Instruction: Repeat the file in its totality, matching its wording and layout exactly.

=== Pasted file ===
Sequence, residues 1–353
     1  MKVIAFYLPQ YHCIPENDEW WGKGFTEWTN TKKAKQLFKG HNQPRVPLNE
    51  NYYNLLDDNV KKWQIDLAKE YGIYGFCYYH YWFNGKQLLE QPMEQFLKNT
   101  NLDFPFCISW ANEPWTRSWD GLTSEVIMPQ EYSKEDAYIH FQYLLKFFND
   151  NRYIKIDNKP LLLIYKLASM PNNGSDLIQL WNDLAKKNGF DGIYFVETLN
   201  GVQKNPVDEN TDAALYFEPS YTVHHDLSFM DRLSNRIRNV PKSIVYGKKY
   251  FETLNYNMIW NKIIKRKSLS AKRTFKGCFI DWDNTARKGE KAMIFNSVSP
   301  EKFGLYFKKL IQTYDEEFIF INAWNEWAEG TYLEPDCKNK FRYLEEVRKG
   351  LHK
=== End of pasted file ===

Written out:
Sequence, residues 1–353
     1  MKVIAFYLPQ YHCIPENDEW WGKGFTEWTN TKKAKQLFKG HNQPRVPLNE
    51  NYYNLLDDNV KKWQIDLAKE YGIYGFCYYH YWFNGKQLLE QPMEQFLKNT
   101  NLDFPFCISW ANEPWTRSWD GLTSEVIMPQ EYSKEDAYIH FQYLLKFFND
   151  NRYIKIDNKP LLLIYKLASM PNNGSDLIQL WNDLAKKNGF DGIYFVETLN
   201  GVQKNPVDEN TDAALYFEPS YTVHHDLSFM DRLSNRIRNV PKSIVYGKKY
   251  FETLNYNMIW NKIIKRKSLS AKRTFKGCFI DWDNTARKGE KAMIFNSVSP
   301  EKFGLYFKKL IQTYDEEFIF INAWNEWAEG TYLEPDCKNK FRYLEEVRKG
   351  LHK